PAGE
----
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Neck Bridge Prone

Exercise Profile

Body PartNeck
EquipmentBody weight
Primary MusclesSternocleidomastoid
Secondary MusclesTrapezius Upper Fibers
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Introduction to the Neck Bridge Prone

The Neck Bridge Prone is an effective exercise that strengthens and improves flexibility in your neck, shoulders, and upper back, making it beneficial for people involved in sports like wrestling or football where neck strength is crucial. It's also suitable for anyone looking to improve posture, reduce neck pain, or recover from related injuries. By incorporating this exercise into your routine, you can enhance your muscular endurance, prevent injuries, and improve overall body functionality.

Performing the: A Step-by-Step Tutorial Neck Bridge Prone

  • Place your hands on either side of your head with your fingers pointing towards your shoulders, this is to provide support and balance.
  • Slowly lift your hips off the ground while simultaneously pushing your torso upwards, using your hands and feet as support until your body forms a bridge.
  • Hold the bridge position for a few seconds, making sure to keep your neck long and your gaze towards your knees.
  • Gently lower yourself back down to the starting position, making sure to keep your movements smooth and controlled to avoid injury. Repeat the exercise as required.

Tips for Performing Neck Bridge Prone

  • Gradual Lift: Slowly lift your hips and torso off the ground while keeping your neck and head stationary. Avoid the common mistake of jerking or using a sudden movement to lift your body. This can strain your neck and spine. Your movements should be smooth and controlled.
  • Neck Support: The weight of your body should be evenly distributed between your feet and the back of your head, not your neck. Your neck should be relaxed and in a neutral position. Avoid pushing your neck too hard into the ground as this can cause unnecessary strain.
  • Breathing Technique: Practice proper breathing techniques. Inhale as you lift your body and exhale as you

Neck Bridge Prone FAQs

Can beginners do the Neck Bridge Prone?

Yes, beginners can do the Neck Bridge Prone exercise, but it is recommended to do so under the guidance of a professional trainer or physiotherapist. This exercise puts a lot of stress on the neck and spine, so it's important to use proper form to avoid injury. Also, it's crucial to start slow and gradually increase intensity as strength and flexibility improve. If any discomfort or pain is felt during the exercise, it should be stopped immediately.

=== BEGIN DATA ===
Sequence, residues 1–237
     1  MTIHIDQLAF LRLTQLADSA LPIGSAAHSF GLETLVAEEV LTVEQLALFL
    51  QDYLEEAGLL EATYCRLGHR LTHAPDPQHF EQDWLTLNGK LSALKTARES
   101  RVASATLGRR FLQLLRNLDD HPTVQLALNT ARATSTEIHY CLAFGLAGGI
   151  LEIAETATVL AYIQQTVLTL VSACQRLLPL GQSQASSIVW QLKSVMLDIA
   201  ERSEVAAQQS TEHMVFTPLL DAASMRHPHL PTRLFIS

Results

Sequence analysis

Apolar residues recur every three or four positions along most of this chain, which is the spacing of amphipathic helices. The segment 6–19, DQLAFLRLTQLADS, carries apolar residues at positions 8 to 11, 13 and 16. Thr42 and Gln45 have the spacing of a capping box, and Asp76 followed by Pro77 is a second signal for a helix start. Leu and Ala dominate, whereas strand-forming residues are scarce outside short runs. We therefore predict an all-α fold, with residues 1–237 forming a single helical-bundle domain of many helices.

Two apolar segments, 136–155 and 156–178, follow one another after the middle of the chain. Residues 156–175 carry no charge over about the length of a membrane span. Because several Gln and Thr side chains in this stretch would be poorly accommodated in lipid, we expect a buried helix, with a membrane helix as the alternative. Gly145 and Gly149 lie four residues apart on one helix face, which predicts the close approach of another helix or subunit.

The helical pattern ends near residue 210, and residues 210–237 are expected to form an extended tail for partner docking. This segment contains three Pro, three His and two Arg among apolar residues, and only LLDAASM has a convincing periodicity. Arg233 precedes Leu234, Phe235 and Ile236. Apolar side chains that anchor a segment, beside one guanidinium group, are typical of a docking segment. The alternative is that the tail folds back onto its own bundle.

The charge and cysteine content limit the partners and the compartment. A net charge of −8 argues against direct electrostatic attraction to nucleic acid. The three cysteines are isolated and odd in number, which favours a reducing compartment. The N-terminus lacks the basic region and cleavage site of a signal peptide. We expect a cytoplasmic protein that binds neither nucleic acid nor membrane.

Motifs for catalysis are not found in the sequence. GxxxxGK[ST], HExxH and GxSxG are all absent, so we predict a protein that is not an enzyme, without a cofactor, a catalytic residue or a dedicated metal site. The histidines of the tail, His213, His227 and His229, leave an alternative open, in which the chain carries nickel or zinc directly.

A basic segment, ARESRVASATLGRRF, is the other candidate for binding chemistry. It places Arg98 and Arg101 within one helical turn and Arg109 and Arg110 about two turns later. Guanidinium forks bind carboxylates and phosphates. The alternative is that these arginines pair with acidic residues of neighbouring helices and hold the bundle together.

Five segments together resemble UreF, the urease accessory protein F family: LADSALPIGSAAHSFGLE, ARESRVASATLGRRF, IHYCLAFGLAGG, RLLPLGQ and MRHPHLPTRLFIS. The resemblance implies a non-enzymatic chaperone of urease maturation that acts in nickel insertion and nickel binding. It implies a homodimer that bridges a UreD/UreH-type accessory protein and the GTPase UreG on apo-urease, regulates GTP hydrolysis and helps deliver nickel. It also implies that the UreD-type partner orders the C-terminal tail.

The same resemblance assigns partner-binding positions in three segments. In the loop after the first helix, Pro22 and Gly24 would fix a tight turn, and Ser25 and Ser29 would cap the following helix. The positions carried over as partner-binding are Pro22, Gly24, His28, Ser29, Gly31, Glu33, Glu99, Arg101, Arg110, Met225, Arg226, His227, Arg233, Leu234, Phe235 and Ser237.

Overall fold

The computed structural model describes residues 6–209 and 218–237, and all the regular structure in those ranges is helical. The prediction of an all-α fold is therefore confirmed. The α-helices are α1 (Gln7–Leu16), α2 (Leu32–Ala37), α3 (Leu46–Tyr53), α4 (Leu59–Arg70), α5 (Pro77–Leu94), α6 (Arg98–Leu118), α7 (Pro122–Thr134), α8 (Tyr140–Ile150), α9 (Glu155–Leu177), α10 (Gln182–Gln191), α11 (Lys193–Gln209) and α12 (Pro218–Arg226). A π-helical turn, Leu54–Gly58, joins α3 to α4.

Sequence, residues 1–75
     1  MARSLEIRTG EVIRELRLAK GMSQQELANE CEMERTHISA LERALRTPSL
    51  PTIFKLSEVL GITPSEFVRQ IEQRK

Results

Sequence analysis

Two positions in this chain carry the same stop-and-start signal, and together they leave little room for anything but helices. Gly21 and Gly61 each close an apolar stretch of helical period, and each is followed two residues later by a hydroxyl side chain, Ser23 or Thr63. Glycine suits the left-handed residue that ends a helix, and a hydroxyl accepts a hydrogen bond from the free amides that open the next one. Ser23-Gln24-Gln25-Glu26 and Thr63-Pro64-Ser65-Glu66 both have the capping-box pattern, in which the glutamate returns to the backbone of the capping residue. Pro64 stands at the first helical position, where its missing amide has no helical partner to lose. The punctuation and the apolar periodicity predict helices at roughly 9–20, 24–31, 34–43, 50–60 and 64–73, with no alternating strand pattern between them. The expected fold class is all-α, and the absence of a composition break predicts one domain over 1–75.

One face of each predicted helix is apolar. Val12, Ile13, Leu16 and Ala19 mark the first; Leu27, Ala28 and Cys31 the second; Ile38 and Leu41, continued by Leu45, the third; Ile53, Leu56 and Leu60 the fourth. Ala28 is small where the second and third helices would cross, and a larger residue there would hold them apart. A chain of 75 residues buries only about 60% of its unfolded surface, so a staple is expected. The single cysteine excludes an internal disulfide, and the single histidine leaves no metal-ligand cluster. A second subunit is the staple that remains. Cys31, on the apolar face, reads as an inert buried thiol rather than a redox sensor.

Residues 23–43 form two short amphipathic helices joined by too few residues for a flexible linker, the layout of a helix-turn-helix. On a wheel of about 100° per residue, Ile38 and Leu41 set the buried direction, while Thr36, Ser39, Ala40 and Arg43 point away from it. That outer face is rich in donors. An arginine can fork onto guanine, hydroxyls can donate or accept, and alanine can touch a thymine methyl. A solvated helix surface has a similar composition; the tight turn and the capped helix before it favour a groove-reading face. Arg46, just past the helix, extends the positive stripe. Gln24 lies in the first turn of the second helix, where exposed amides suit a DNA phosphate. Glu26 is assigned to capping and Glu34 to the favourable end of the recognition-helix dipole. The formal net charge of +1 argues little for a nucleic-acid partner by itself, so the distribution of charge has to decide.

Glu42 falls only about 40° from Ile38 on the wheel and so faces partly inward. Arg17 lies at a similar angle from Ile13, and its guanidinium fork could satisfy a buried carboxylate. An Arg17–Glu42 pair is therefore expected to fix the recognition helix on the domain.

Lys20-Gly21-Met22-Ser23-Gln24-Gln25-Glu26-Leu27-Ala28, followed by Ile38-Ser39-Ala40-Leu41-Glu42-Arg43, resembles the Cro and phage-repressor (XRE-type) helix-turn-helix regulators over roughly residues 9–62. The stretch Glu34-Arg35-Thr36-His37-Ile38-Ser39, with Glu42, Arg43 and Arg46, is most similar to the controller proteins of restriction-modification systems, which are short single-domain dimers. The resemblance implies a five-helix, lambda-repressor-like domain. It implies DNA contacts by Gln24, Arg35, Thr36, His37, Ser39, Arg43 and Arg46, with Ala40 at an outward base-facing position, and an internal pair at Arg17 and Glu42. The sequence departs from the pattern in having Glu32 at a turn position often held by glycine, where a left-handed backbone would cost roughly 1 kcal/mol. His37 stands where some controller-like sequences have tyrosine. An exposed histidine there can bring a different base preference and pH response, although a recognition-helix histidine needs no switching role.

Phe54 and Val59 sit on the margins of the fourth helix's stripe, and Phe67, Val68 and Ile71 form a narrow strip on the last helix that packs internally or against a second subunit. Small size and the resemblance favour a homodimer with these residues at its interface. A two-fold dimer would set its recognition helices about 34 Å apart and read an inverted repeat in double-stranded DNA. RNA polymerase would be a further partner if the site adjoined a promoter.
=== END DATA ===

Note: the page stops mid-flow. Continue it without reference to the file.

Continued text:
What are common variations of the Neck Bridge Prone?

  • The Weighted Neck Bridge Prone: In this variation, a small weight plate is placed on the forehead to increase the intensity of the exercise and further strengthen the neck muscles.
  • The Neck Bridge Prone with Resistance Bands: In this version, resistance bands are used to add tension, increasing the strength and endurance of the neck muscles.
  • The Isometric Neck Bridge Prone: This variation involves holding the bridge position for a set amount of time, improving muscular endurance and stability.
  • The Neck Bridge Prone with a Yoga Block: This version involves placing a yoga block under the forehead for added support and to help maintain proper alignment during the exercise.

What are good complementing exercises for the Neck Bridge Prone?

  • The Shoulder Shrugs exercise is a great complement to Neck Bridge Prone because it targets the trapezius muscles which support the neck, helping to improve neck strength and stability.
  • The Deadlift is another exercise that complements Neck Bridge Prone as it strengthens the entire posterior chain, including the neck, back, and hip muscles, thereby enhancing the overall performance and benefits of the neck bridge exercise.

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